In Tucson, our next destination, the desert was blooming. Clumps of yellow desert marigold dotted the hills that bristled with saguaro cactus. The sunny warmth of Sabino Canyon’s trails soothed me.

During the first week of March, concerns about COVID-19 came to the forefront for us. This was new terrain. Until then, sensible precautions seemed enough; our life hadn’t been disrupted. With each subsequent day, our understanding of the COVID-19 crisis increased as updates poured in faster than we could absorb them.

The Grand Princess cruise ship, which carried passengers ill with COVID-19, docked in Oakland. We worried about our son and his significant other, a physician in Oakland, who would be on the front lines.

The sky was overcast but the temps were still warm as we walked trails alongside the broad dry Rillito riverbed. I noticed spikes of pink penstemon, but our conversations centered around the looming pandemic and the conflicting national response. We worried about restrictions on flights from Europe where our niece was studying abroad and the pandemic’s impact on the economy.

By the time we flew home, the landscape was changing hourly with updates about cases and the CDC and NIH’s latest guidance. On our first day back, the president declared the overdue National Emergency. Comprehending the impact of the cascade of closings and event cancellations was hard. Is hard.

The pandemic is uncharted territory. Only a week ago, I wondered if I’d be able to fly to Chicago later this month for a wedding shower. Several days ago, meetings with my writer’s group and book group seemed possible. We’ve ruled out travel, in-person visits, and ordinary errands to help “flatten the curve.” The daily, even hourly, changes are like mental whiplash. No school. OK. Restaurants and stores with limited service. OK. Stay home. Got it.

March 18thIn the space of a month, so much has changed. The world looks very different. Socializing in person has been postponed. I no longer assume my travel plans for May and July will happen. We’ll see. We’re figuring it out, day by day, case by case, just like everyone else.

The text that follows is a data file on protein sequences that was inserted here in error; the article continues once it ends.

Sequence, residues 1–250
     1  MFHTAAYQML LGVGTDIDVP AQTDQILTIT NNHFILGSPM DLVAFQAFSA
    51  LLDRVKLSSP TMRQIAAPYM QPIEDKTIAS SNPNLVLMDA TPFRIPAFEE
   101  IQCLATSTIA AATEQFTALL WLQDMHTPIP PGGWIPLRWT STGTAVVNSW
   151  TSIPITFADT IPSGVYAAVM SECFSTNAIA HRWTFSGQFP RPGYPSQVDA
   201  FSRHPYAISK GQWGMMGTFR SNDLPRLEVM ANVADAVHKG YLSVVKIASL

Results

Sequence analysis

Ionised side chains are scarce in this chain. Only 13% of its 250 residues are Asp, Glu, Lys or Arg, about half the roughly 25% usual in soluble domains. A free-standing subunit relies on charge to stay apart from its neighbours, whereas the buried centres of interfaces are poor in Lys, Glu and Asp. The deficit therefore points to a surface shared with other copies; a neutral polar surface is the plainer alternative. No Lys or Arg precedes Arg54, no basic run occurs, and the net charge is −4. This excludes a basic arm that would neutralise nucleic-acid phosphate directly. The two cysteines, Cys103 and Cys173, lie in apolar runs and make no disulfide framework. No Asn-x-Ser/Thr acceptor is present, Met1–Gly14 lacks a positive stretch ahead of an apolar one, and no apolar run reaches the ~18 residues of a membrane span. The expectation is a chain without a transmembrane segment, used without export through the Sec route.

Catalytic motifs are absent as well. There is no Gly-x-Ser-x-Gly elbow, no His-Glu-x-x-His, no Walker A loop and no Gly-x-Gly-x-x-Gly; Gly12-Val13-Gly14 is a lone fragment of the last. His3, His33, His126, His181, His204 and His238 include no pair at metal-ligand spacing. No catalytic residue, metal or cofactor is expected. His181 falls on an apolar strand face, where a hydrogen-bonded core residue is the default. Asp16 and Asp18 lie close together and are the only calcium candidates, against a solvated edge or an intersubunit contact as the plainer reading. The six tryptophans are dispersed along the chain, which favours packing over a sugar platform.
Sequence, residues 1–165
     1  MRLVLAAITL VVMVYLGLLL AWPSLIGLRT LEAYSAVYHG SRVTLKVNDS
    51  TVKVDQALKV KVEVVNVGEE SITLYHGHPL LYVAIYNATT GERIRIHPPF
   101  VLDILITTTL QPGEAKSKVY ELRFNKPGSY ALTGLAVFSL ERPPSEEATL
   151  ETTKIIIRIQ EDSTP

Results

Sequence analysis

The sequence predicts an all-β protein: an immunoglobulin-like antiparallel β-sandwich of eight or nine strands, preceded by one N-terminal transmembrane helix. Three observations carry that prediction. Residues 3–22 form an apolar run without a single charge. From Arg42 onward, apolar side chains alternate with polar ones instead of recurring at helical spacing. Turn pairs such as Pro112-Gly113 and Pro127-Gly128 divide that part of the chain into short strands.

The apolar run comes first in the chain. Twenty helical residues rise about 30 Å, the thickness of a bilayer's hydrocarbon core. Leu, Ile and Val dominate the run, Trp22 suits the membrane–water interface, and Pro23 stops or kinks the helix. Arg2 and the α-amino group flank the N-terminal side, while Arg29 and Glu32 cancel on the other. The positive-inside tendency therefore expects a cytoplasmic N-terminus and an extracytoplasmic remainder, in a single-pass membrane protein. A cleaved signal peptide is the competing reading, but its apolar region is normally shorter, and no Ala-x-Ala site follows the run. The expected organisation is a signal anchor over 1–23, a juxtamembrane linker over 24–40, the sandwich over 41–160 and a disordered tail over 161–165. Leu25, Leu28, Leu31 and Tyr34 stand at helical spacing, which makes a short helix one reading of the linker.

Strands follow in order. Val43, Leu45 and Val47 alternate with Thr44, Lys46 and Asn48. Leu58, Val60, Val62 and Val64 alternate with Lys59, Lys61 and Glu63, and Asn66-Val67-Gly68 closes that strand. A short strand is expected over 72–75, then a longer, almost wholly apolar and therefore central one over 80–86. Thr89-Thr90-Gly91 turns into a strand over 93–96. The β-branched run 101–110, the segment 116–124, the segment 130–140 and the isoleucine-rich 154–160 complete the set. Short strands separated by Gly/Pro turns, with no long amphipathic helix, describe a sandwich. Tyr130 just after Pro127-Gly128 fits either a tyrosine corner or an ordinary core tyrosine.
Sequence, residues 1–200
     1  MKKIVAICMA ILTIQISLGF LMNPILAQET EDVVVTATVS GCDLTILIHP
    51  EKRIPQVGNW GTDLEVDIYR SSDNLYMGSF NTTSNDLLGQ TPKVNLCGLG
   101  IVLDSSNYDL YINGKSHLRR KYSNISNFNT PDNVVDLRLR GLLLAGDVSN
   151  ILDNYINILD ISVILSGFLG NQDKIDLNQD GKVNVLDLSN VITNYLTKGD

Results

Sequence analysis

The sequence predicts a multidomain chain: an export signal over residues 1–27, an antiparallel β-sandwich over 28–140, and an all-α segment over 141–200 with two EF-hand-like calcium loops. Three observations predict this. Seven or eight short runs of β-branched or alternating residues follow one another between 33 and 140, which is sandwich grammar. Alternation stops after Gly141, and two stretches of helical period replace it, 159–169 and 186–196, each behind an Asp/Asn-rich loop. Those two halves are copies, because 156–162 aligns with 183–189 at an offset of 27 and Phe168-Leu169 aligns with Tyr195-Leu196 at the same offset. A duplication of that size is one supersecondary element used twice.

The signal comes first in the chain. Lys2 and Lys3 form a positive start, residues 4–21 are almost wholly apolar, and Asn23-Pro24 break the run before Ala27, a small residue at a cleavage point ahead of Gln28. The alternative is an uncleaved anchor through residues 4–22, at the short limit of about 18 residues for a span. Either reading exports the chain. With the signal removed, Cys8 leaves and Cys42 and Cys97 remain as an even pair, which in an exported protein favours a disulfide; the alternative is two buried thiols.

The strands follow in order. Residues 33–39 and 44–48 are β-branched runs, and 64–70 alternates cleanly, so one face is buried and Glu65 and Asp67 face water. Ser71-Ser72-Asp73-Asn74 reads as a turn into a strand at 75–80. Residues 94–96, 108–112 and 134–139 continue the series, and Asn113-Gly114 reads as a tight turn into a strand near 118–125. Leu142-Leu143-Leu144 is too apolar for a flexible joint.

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At the moment, we’re healthy. The snow in our yard is nearly gone, and the alley is ice-free and dry. As I circle the yard, I note the early tulips and weeds pushing up in my gardens as they always have. Though much is unknown and I’m seeing the world with a new perspective, spring is coming, and for that, I’m grateful.

 

 

Let the Hope Shine

About a year ago, on the way to visit my 90-year old uncle in the hospital, I stopped at a coffee shop. While waiting for my mocha, I glanced at the shop’s bulletin board and saw a flyer from The Spread Sunshine Gang with the invitation to take what I needed: COURAGE, KINDNESS, HOPE, GRATITUDE, HUMOR, JOY or PEACE.

I chose HOPE.

When I got to the hospital, I passed it on to my aunt even though I knew she didn’t really need it because she—a lifelong Catholic—has her faith.

But me? I’m always seeking reasons to hope.

So, when I got home I signed up for the Spread Sunshine Gang’s newsletter. It now arrives in my inbox every few weeks, a welcome reminder that our Land of 10,000 Lakes is filled with people eager to share their goodness in creative ways and inspire others to do the same.  

In addition to their coffee shop flyers, the group’s recent acts of kindness include hosting a holiday party for seniors, participating in a Polar Plunge to raise money for Special Olympics and decorating Loring Park with warm, colorful (and free-for-the-taking!) hats, scarves and mittens.

Their “sunshine” has inspired me to spread my own. Here are three lessons I’ve learned along the way:

Lesson No. 1: Small gestures can have a big impact. Take a smile, for instance. It costs me nothing to give yet can brighten a complete stranger’s day.

Lesson No. 2: Kindness comes in all shapes and sizes. One day it may arrive as a bouquet of bright orange tulips. On another as a warm hug from a friend, an out-of-the-blue postcard from a relative or an unexpected compliment from a colleague.

Lesson No. 3: Communicating love doesn’t require words. This afternoon, I’ll be visiting my uncle and aunt once again. He has recovered enough to be living back at home but spends most afternoons sitting beside my aunt at the assisted-living facility where she now lives after having suffered a stroke.

She won’t be able to say more than a few words, but the way her eyes light up when she sees me fills the room with sunshine and my heart with hope.